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Patterns of relative magnitudes of soil energy channels and their relationships with environmental factors in different ecosystems in Romania.

Ciobanu M, Popovici I, Zhao J, Stoica IA - Sci Rep (2015)

Bottom Line: The relevance of herbivore energy channel increased with soil depth due to higher contribution of root-feeders.Ectoparasites, sedentary parasites and epidermal cell and root hair feeders were the most important contributors to the total biomass and metabolic footprints of herbivores.The influence of altitude and climatic factors on percentages of abundance, biomass and metabolic footprints of herbivores, bacterivores and fungivores decreased with soil depth, whereas the influence of humus content, cation-exchange capacity and base saturation increased.

View Article: PubMed Central - PubMed

Affiliation: Institute of Biological Research, Branch of the National Institute of Research and Development for Biological Sciences, 48 Republicii Street, 400015 Cluj-Napoca, Romania.

ABSTRACT
The percentage compositions of soil herbivorous, bacterivorous and fungivorous nematodes in forests, grasslands and scrubs in Romania was analysed. Percentages of nematode abundance, biomass and metabolic footprint methods were used to evaluate the patterns and relative size of herbivory, bacterial- and fungal-mediated channels in organic and mineral soil horizons. Patterns and magnitudes of herbivore, bacterivore and fungivore energy pathways differed for a given ecosystem type and soil depth according to the method used. The relevance of herbivore energy channel increased with soil depth due to higher contribution of root-feeders. Ectoparasites, sedentary parasites and epidermal cell and root hair feeders were the most important contributors to the total biomass and metabolic footprints of herbivores. Metabolic footprint method revealed the general dominance of bacterial-based energy channel in all five types of ecosystems. The influence of altitude and climatic factors on percentages of abundance, biomass and metabolic footprints of herbivores, bacterivores and fungivores decreased with soil depth, whereas the influence of humus content, cation-exchange capacity and base saturation increased. Vegetation, altitude, climate and soil physico-chemical characteristics are important factors that influenced the abundance, biomass and metabolic footprints of herbivores, bacterivores and fungivores.

No MeSH data available.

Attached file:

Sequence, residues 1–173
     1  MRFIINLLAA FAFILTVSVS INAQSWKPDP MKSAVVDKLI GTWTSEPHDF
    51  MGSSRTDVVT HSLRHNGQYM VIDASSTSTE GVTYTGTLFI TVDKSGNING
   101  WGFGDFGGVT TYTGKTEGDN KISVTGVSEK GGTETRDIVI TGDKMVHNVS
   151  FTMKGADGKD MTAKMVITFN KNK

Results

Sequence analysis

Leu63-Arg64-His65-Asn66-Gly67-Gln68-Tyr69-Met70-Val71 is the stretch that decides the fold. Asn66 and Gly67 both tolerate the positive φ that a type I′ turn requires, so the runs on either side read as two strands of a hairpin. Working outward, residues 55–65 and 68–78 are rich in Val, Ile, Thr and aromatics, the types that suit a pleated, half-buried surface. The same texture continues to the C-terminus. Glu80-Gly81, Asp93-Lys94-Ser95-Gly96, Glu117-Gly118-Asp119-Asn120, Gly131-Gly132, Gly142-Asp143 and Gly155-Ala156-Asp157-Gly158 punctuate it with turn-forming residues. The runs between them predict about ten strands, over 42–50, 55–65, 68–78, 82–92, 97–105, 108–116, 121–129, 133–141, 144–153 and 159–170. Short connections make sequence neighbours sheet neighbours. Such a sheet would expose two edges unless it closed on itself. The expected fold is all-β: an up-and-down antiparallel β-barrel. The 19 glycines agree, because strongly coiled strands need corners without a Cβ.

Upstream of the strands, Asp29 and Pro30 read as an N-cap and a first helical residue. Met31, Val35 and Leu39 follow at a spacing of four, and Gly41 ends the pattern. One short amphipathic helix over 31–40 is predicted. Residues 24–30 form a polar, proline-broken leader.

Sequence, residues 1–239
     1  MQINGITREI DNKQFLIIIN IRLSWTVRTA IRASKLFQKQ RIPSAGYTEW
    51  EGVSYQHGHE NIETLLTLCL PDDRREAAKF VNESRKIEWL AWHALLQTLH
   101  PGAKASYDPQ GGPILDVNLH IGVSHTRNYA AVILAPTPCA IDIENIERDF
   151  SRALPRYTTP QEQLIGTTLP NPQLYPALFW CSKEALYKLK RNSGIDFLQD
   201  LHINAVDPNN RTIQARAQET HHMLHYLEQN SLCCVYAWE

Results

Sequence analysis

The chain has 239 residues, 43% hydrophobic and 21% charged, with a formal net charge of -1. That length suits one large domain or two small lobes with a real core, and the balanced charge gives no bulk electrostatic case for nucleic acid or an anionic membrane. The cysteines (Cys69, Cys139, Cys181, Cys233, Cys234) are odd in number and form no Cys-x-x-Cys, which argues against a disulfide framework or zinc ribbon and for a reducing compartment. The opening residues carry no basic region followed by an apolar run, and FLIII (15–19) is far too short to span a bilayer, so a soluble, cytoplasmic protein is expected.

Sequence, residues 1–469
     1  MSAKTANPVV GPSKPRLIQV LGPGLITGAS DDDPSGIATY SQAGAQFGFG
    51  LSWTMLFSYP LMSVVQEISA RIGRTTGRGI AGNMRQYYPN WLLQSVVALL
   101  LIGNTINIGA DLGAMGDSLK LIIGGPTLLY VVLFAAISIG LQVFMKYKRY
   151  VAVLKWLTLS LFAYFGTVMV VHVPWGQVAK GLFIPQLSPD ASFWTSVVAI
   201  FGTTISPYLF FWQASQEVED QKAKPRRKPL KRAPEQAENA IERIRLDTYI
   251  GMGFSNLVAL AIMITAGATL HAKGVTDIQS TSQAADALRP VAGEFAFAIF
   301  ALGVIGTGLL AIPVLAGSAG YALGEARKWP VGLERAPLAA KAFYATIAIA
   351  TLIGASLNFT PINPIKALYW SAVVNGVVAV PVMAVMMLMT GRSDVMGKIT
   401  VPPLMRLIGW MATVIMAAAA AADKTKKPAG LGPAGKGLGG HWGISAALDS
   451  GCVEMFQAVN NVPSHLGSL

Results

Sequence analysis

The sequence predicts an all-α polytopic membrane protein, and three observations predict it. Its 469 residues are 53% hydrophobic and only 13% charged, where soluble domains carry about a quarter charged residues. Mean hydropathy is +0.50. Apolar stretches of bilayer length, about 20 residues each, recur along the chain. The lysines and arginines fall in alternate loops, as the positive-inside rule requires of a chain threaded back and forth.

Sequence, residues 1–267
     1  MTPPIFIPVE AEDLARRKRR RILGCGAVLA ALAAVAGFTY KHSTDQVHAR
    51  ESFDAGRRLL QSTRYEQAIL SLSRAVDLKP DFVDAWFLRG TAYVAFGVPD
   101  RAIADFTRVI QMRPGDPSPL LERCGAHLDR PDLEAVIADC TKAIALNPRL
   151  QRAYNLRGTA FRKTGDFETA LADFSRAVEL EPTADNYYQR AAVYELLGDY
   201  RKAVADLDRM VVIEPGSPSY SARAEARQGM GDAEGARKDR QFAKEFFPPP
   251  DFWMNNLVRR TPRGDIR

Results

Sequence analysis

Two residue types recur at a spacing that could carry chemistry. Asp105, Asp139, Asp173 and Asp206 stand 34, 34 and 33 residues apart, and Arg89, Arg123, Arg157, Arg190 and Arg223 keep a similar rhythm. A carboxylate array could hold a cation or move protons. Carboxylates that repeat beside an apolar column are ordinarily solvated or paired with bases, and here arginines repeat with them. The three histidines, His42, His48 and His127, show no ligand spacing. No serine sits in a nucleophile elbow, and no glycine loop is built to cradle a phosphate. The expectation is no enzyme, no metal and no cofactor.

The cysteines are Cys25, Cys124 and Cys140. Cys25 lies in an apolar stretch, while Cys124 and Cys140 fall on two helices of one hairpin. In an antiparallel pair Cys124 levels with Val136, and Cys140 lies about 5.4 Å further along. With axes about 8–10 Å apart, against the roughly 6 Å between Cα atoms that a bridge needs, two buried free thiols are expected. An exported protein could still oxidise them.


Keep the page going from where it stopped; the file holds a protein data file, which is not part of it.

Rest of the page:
Related in: MedlinePlus

Bi-plots of canonical correspondence analysis (CCA) of the relationship between environmental variables (ecosystem types, soil physico-chemical properties, climatic variables, and altitude) and the percentages of abundance, biomass, and metabolic footprint of the bacterivorous, fungivorous and herbivorous nematodes in organic horizon (A) and 0–5 cm (B) and 5–10 cm (C) layers of mineral horizon. Ordination diagrams presenting species scores (triangles) and environmental factor scores (vectors). Solid vectors indicate ecosystem types, empty vectors indicate soil physico-chemical properties, climatic variables and altitude. Ba, bacterivore; Fu, fungivore; He, herbivore; Prec, annual average precipitation; Tem, annual average temperature; TN, total nitrogen; K, available potassium content; P, available phosphorus content; HC, humus content; CEC, cation-exchange capacity; SH, total hydrolytic acidity; SB, total exchangeable base; and V, base saturation. Environmental variables of organic horizon do not include soil physico-chemical properties. Monte Carlo permutation test results for the environmental variables were shown in Table 1.
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f3: Bi-plots of canonical correspondence analysis (CCA) of the relationship between environmental variables (ecosystem types, soil physico-chemical properties, climatic variables, and altitude) and the percentages of abundance, biomass, and metabolic footprint of the bacterivorous, fungivorous and herbivorous nematodes in organic horizon (A) and 0–5 cm (B) and 5–10 cm (C) layers of mineral horizon. Ordination diagrams presenting species scores (triangles) and environmental factor scores (vectors). Solid vectors indicate ecosystem types, empty vectors indicate soil physico-chemical properties, climatic variables and altitude. Ba, bacterivore; Fu, fungivore; He, herbivore; Prec, annual average precipitation; Tem, annual average temperature; TN, total nitrogen; K, available potassium content; P, available phosphorus content; HC, humus content; CEC, cation-exchange capacity; SH, total hydrolytic acidity; SB, total exchangeable base; and V, base saturation. Environmental variables of organic horizon do not include soil physico-chemical properties. Monte Carlo permutation test results for the environmental variables were shown in Table 1.

Mentions: Canonical correspondence analysis showed that the first two axes of the environmental variables explained 11.7%, 11.9%, and 15.6% of the variances of the percentages of abundance, biomass and metabolic footprints of bacterivores, fungivores and herbivores in organic horizon and in the 0–5 cm and 5–10 cm layers of mineral horizon, respectively (Fig. 3).